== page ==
Today British singer-songwriter James TW, who just wrapped a U.S. tour with Andy Grammer, releases the acoustic version and music video for his buzzing new single, “Say Love,” the first new music from his upcoming debut album which is expected this fall.
With his infectious blend of troubadour spirit, jazzy soul, and funk attitude, James TW packs a powerful punch, a soulful singer-songwriter with a big voice and even bigger aspirations. Raised in the small English county of Warwickshire two hours outside of London, he was named after James Taylor, his parents’ favorite musician. In addition to JT, he was exposed to primary influences John Mayer, Jamie Cullum and Ed Sheeran, later discovering Otis Redding, Donny Hathaway, James Brown, B.B. King, and Bill Withers on Spotify. Naturally gifted, he picked up guitar at age 12, and piano the following year. A bluesy, jazz-tinged singer-songwriter style began to emerge, but he forever considers himself, “a musician first who became a singer.” As he honed his skills as a multi-instrumentalist, James began to post cover songs on YouTube, including a standout take of Marvin Gaye’s “Let’s Get It On” in 2012. The videos showcased an undeniable talent with immense technical aptitude and a voracious will to learn. Meanwhile, his profile quietly rose as a fervent fan base rallied around him online.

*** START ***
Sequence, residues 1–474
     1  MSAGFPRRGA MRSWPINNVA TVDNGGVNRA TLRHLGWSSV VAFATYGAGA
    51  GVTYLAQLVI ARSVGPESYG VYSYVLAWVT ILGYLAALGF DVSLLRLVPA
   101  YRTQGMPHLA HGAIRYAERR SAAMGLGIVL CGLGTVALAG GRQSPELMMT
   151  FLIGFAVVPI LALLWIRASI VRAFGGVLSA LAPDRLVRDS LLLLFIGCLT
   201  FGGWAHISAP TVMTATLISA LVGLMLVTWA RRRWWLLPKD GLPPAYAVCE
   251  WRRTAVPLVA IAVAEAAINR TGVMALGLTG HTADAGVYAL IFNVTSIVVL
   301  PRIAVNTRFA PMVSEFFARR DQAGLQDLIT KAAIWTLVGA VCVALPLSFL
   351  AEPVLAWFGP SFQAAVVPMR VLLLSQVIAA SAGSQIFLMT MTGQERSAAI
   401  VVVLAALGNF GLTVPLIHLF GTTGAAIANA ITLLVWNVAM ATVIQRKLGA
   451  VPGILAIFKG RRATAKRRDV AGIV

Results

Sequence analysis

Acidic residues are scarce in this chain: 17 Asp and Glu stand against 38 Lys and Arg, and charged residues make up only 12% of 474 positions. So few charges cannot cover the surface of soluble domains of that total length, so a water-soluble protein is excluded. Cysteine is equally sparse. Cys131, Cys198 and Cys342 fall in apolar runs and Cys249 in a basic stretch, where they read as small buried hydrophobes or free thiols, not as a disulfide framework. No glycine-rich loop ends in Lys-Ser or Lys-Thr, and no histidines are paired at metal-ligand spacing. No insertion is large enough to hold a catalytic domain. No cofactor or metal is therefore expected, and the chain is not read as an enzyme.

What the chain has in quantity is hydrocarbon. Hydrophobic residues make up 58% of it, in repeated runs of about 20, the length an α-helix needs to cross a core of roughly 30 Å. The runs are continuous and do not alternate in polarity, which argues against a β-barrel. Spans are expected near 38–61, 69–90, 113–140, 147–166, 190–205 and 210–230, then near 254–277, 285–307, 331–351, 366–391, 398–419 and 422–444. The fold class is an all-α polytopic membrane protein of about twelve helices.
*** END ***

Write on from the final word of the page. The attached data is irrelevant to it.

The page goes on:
Signed to Island Records in 2015, James unleashed a string of scorching singles beginning that year with “Black & Blue.” 2016’s “When You Love Someone” turned the tide, amassing over 200 million global streams to date. His 6-song First Impressions EP, including “When You Love Someone,” has accumulated over 400 million combined streams to date. Non-EP tracks “Please Keep Loving Me” and “For You” both surpassed 18 million streams in 2017. Despite (or because of) his youth, James’ undeniably romantic lyrics offer a distinct point of view, conveying an incomparable wisdom about love, heartbreak and the world around him. Widely appealing but hardly typical, his songs demonstrate critical elements of experienced songwriting that resonate with ease, with weight and a sense of staying power that is rare in today’s pop music, “the missing link between Laurel Canyon and Motown.”